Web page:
Despite the presence of a pair of ballads -- one of them "New Horizons" by Justin Hayward the latter's most romantic number since "Nights in White Satin" -- Seventh Sojourn was notable at the time of its release for showing the hardest-rocking sound this band had ever produced on record. It's all relative, of course, compared to their prior work, but the music is comparatively stripped down here, and on a lot of it Graeme Edge's drumming and John Lodge's bass work comprise a more forceful and assertive rhythm section than they had on earlier records, on numbers such as "Lost in a Lost World," "You and Me," and "I'm Just a Singer In a Rock & Roll Band." The latter, authored by Lodge, was -- along with Lodge's "Isn't Life Strange" -- one of two AM radio hits that helped drive the sales of this album, issued in early November of 1972, past all previous levels. Indeed, it was with the release of this album that the Moodies achieved their great commercial success in America and around the world, with a "Grand Tour" that kept them on the road for much of the year that followed. The irony was that it was all about to end for them, for years to come, and the signs of it were all over this record -- Seventh Sojourn took a long time to record, and a lot of the early work on it had to be junked "Isn't Life Strange" was one of the few early songs to get completed; it was clear to all concerned except the fans that, after six years of hard work in their present configuration, they all needed to stop working with each other for a time, and this was clear in the songs -- many have a downbeat, pensive edge to them, and if they reflected a questioning attitude that had come out on recent albums, the tone of the questioning on songs like "Lost in a Lost World," "You and Me," and "When You're a Free Man" had a darker, more desperate tone. Perhaps the group's mostly youthful, collegiate audience didn't notice at the time because it fit the mood of the times -- the album hit the stores in America the day before Richard Nixon's landslide presidential re-election victory the culmination of events behind the scenes that would subsequently drive him from office. But the members were not working well together, and this would be the last wholly successful record -- difficult as it was to deliver -- that this lineup of the band would record, as well as the last new work by the group for over five years. And oddly enough, even amid the difficulties in getting it finished, Seventh Sojourn would offer something new in the way of sounds from the group -- Michael Pinder, in particular, introduced a successor to the Mellotron, with which he'd been amazing audiences for six years, in the form of the Chamberlin, which is all over this album.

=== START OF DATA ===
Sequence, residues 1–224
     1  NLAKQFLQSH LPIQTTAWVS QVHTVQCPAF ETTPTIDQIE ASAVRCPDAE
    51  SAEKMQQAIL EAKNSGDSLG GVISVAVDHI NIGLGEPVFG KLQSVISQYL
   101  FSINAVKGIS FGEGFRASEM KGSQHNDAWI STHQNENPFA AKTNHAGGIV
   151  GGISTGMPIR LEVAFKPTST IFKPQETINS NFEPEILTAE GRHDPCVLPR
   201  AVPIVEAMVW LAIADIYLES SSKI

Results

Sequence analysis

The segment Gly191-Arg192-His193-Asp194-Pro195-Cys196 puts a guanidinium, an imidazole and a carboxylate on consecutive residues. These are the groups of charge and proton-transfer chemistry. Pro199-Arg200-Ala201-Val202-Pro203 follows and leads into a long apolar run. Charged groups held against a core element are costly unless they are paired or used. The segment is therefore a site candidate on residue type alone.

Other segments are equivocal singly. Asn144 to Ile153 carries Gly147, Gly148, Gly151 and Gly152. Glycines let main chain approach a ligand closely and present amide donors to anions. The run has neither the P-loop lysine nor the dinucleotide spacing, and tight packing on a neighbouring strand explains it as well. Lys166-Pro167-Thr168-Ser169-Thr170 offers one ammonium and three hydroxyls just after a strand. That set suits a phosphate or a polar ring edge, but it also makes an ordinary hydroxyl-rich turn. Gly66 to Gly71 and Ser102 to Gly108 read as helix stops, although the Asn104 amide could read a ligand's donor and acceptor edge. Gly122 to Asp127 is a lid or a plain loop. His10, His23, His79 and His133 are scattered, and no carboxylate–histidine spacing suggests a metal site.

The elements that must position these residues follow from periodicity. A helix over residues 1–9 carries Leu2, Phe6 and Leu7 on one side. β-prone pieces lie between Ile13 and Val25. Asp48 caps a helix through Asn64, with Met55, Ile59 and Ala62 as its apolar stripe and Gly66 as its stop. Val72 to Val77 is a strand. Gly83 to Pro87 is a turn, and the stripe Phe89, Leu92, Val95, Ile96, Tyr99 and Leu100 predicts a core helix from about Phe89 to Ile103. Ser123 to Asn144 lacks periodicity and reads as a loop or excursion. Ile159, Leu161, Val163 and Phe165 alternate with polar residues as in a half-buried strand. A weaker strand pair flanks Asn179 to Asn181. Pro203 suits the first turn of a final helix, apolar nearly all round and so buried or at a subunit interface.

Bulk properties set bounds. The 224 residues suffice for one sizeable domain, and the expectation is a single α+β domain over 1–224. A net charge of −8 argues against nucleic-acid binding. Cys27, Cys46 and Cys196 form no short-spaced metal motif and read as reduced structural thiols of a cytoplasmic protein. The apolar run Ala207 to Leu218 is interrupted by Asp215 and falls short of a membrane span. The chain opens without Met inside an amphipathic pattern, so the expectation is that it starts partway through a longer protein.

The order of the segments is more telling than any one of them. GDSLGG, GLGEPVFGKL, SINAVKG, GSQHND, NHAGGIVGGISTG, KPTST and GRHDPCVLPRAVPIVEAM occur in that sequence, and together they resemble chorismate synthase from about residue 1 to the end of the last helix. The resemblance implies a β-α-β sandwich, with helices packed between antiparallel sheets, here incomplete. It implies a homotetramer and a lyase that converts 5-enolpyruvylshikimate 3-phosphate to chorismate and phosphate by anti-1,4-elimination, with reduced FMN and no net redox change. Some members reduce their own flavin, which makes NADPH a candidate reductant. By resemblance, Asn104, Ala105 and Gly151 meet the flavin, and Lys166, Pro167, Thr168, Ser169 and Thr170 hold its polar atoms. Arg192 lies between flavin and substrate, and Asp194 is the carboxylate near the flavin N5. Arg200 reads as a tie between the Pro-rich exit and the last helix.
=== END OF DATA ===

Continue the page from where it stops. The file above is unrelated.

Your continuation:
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Product Details